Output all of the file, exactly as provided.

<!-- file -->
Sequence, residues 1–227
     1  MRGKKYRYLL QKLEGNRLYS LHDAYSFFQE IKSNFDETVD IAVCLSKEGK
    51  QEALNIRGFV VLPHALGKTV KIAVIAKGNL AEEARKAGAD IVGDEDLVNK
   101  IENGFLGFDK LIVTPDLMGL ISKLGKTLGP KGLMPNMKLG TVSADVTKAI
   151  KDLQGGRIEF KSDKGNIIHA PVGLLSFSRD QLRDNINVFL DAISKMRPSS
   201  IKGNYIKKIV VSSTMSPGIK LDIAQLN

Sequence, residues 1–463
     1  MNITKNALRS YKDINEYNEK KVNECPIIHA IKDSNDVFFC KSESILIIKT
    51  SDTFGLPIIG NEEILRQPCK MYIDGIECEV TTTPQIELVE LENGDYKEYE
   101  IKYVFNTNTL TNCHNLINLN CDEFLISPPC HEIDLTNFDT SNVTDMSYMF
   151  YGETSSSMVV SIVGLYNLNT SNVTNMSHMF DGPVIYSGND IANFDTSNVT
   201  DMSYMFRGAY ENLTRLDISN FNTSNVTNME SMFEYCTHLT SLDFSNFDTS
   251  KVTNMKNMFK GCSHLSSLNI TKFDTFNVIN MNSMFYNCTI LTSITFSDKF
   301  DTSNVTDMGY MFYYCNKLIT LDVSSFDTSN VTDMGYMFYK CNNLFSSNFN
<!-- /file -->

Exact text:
Sequence, residues 1–227
     1  MRGKKYRYLL QKLEGNRLYS LHDAYSFFQE IKSNFDETVD IAVCLSKEGK
    51  QEALNIRGFV VLPHALGKTV KIAVIAKGNL AEEARKAGAD IVGDEDLVNK
   101  IENGFLGFDK LIVTPDLMGL ISKLGKTLGP KGLMPNMKLG TVSADVTKAI
   151  KDLQGGRIEF KSDKGNIIHA PVGLLSFSRD QLRDNINVFL DAISKMRPSS
   201  IKGNYIKKIV VSSTMSPGIK LDIAQLN

Sequence, residues 1–463
     1  MNITKNALRS YKDINEYNEK KVNECPIIHA IKDSNDVFFC KSESILIIKT
    51  SDTFGLPIIG NEEILRQPCK MYIDGIECEV TTTPQIELVE LENGDYKEYE
   101  IKYVFNTNTL TNCHNLINLN CDEFLISPPC HEIDLTNFDT SNVTDMSYMF
   151  YGETSSSMVV SIVGLYNLNT SNVTNMSHMF DGPVIYSGND IANFDTSNVT
   201  DMSYMFRGAY ENLTRLDISN FNTSNVTNME SMFEYCTHLT SLDFSNFDTS
   251  KVTNMKNMFK GCSHLSSLNI TKFDTFNVIN MNSMFYNCTI LTSITFSDKF
   301  DTSNVTDMGY MFYYCNKLIT LDVSSFDTSN VTDMGYMFYK CNNLFSSNFN